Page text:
Words don’t always have the same “weight.” How seriously they are taken depends on who speaks them.

Let me give you a true example from my consulting experience (this was not even a word, but a gesture!). It was in Mexico. The company was owned by an old, very aristocratic and autocratic “Don.” During our work I noticed that the discussion died, and I could not figure out what caused it to end abruptly. During a break I asked the vice presidents who attended the meeting what happened.

“No use discussing,” they said. “He (the Don) has already decided against it. Did you not see how he moved his head left and right, even a bit annoyed. It is no use talking anymore.”

I went to the Don and asked him why was he so adamant against the proposal we were discussing.

“I am not at all against it,” he said, surprised.

“So why did you shake your head left to right, annoyed?” I asked.

“There was a fly trying to land on my nose.” he replied.

If this would have happened to a third level administrator, he or she could have shaken their head as much as they wanted. No one would have paid attention. Even if they adamantly vocalized their objection to what was proposed, they would have been, if not utterly ignored, at least disregarded.

What am I saying?

The higher you are in the hierarchy, the more seriously your words are taken.

Many executives I coach do not understand this. They talk too much. What worked for them as junior executives is becoming a major problem when they ascend to the top of the organization.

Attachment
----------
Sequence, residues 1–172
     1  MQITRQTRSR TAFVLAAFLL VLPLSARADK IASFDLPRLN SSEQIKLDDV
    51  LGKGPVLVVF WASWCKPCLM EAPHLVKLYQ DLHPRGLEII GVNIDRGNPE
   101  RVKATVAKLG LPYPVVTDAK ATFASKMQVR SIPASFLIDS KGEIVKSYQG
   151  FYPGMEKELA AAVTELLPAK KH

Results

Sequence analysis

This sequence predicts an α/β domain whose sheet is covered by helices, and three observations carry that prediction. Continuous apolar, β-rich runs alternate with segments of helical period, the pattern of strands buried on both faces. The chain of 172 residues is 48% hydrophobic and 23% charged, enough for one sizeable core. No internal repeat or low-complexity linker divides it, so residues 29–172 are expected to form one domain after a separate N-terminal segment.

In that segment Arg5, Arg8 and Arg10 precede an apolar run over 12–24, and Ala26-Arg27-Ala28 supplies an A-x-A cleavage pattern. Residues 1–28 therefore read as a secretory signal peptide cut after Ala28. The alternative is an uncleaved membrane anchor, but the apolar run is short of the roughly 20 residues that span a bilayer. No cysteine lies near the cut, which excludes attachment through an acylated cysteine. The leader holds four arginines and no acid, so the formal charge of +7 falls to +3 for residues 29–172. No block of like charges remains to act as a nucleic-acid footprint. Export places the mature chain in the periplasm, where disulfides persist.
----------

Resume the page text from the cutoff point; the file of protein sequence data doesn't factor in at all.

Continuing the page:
My prescription is this: The higher up the organizational ladder you climb, the bigger your ears should be and the smaller you mouth should be.

President Obama has big ears all right, literally and figuratively. He listens, but he also talks too much. Says too much. So far his eloquence and charisma have saved him, but the day is coming when he will make a blunder. He will try to explain that was not what he meant, but it will be one explanation too many and his charisma will evaporate and his eloquence will be rechristened as “pure big-mouth, hot-air Obama.”

He speaks too much, on too many occasions and on too many subjects. One example of this tendency to express himself too much is the episode with Professor Gates of Harvard. There are more.

“No drama Obama” was a great expression used to describe his style when he was running for President. What he needs now is “shut up Obama.” You are the president now and every word you use is a potential black hole that can swallow your credibility in no time.

Dr. Ichak Kalderon Adizes